As regards great sinners, who die without being outwardly reconciled with God, we may not exclude them from our suffrages, because we have not the certainty of their interior impenitence. Faith teaches us that all men dying in the state of mortal sin incur eternal damnation; but who are those that in reality die in that state? God alone, who reserves to Himself the judgment of the living and the dead, knows this. As to ourselves, we can but draw a conjectural conclusion from exterior circumstances, and from [even] this we must refrain. It must, however, be confessed that there is everything to be feared for those who die unprepared for death, and all hope seems to vanish for those who refuse to receive the Sacraments . The latter quit this life with exterior signs of reprobation. Nevertheless, we must leave the judgment to God, according to the words, Dei judicium est – “To God belongs judgment.” (Deuteronomy 1:17). There is more to be hoped for those who are not positively hostile to religion, who are benevolent towards the poor, who retain some practice of Christian piety, or who at least approve and favor piety; there is more, I say, to hope for such persons when it happens that they die suddenly, without having had the time to receive the last Sacraments of the Church.

Saint Francis de Sales will not have us despair of the conversion of sinners until their last breath, and even after their death he forbids us to judge evil of those who have led a bad life. With the exception of those sinners whose reprobation is made manifest by Holy Scripture, we may not, he says, conclude that a person is damned, but must respect the secret of God. His principal reason was, that as the first grace is gratuitous, so also is the last, which is final perseverance or a good death. This is why we must hope for the departed, how sad soever his death may have been, because our conjectures can be based on the exterior only, whereby the most clever may be deceived.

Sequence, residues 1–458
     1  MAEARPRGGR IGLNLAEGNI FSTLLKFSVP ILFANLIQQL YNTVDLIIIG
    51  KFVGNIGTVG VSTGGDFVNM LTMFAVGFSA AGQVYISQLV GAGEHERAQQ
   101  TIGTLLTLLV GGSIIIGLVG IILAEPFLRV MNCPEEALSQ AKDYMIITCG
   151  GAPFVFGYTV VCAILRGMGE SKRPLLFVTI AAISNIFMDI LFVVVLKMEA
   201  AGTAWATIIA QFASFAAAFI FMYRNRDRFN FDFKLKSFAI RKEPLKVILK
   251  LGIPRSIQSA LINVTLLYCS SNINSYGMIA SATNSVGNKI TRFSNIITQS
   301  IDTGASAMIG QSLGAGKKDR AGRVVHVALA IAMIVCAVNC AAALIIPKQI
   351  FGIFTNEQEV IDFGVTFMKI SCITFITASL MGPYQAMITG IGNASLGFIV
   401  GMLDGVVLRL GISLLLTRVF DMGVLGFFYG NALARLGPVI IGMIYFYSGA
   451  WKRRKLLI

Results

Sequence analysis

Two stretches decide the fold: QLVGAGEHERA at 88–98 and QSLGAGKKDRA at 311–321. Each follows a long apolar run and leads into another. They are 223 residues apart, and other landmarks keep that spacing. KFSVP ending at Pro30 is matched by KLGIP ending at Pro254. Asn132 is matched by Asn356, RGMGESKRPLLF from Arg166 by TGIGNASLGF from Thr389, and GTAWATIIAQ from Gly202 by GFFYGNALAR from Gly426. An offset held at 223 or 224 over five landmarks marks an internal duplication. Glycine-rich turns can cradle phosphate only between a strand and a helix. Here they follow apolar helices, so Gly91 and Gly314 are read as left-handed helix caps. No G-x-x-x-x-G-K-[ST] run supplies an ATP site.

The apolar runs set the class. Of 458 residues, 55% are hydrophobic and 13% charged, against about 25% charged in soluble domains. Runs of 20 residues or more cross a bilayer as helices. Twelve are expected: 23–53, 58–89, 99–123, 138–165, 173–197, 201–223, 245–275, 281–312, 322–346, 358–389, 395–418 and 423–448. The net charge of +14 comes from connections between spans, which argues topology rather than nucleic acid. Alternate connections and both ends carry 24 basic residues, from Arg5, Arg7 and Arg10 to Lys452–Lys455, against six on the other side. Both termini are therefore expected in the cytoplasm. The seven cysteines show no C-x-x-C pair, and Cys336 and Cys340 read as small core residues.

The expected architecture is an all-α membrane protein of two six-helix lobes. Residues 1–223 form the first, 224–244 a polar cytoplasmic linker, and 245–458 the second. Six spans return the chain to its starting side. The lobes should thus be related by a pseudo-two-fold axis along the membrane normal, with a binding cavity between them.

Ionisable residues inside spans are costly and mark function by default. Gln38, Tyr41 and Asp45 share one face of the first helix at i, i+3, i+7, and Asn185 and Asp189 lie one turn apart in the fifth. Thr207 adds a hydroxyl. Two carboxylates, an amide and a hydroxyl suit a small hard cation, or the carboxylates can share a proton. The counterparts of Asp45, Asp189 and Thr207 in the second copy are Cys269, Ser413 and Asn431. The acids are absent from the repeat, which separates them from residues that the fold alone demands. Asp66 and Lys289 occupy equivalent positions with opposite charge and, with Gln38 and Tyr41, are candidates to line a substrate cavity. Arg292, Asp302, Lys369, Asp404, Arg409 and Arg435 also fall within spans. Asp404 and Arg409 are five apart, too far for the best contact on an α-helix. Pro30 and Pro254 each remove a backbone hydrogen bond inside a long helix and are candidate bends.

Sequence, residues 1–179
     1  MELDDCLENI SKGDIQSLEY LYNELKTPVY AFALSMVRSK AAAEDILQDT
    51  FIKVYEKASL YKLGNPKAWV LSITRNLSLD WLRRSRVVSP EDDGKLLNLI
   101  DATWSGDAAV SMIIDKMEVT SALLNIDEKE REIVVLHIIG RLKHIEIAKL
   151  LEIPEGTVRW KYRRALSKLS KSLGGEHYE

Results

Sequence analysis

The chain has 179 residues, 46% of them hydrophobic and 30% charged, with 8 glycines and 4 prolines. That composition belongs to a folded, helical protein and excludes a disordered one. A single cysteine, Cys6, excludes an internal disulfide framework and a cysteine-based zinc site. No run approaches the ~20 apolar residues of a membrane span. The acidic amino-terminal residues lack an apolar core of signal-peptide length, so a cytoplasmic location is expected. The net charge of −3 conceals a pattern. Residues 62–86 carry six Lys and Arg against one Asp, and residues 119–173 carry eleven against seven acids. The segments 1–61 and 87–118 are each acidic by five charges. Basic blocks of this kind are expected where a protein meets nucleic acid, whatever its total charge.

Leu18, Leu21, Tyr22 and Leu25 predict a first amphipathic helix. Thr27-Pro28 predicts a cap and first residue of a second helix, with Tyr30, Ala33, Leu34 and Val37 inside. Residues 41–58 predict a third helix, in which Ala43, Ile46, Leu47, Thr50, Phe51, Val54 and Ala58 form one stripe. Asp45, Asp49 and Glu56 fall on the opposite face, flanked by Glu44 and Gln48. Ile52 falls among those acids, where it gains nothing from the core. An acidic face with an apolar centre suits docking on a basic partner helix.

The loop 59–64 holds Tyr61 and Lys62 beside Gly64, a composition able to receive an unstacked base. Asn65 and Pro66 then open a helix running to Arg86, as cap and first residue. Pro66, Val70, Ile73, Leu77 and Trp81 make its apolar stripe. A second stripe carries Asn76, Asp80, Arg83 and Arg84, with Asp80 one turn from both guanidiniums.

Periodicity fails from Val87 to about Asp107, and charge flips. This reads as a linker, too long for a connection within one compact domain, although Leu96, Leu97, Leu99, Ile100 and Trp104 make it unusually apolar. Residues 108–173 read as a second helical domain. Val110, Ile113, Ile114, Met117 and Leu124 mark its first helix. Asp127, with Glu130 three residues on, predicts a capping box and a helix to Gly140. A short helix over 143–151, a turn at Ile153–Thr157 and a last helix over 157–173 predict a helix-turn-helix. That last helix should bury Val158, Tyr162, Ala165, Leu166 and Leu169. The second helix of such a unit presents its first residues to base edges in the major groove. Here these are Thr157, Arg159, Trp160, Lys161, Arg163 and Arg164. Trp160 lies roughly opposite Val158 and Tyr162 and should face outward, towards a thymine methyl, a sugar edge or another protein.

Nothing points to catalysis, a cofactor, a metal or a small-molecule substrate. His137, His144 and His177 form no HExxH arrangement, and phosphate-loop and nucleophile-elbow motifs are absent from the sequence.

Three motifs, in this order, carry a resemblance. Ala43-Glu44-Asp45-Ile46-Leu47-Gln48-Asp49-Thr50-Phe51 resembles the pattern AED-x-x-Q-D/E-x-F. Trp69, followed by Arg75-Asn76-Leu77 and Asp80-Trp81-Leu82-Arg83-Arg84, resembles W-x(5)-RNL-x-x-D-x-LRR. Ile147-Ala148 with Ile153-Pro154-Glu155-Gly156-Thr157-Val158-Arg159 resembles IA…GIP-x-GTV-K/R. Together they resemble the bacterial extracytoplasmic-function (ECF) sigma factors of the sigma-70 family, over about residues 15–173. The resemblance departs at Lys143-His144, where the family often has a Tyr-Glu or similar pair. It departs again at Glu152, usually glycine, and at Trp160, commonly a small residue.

MLA Citation

Purgatory Explained, Part 2, Chapter 31

detail of a painting of Saint Gertrude the Great, by Miguel Cabrera, 1763; Dallas Museum of Art, Dallas, Texas, USA; swiped from Wikimedia CommonsArticle

Relief of the Holy Souls – The Heroic Act of Charity towards the Holy Souls – Father Mumford – Denis the Carthusian and Saint Gertrude

Thus far we have spoken of the different kinds of good works which we may offer to God as suffrages for the dead. It remains for us to make known an act which comprises all works and means, whereby we can most effectually assist the poor souls; it is the heroic vow, or, as others call it, the Heroic act of Charity towards the souls in Purgatory.

This act consists in ceding to them all our works of satisfaction, that is to say, the satisfactory value of all the works of our life and of all the suffrages which shall be given to us after our death, without reserving anything wherewith to discharge our own debts. We deposit them in the hands of the Blessed Virgin, that she may distribute them, according to her good pleasure, to those souls which she desires to deliver from Purgatory.

It is an absolute donation in favor of the souls of all that we can give them; we offer to God in their behalf all the good we do, of what kind soever, either in thought, words or works, all that we suffer meritoriously during this life, without excepting anything that we may reasonably give them, and adding even those suffrages which we may receive for ourselves after death.

It must be well understood that the matter of this holy donation is the satisfactory value of our works (See Chap. 9), and in no way the merit which has a corresponding degree of glory in Heaven; for merit is strictly personal, and cannot be transferred to another.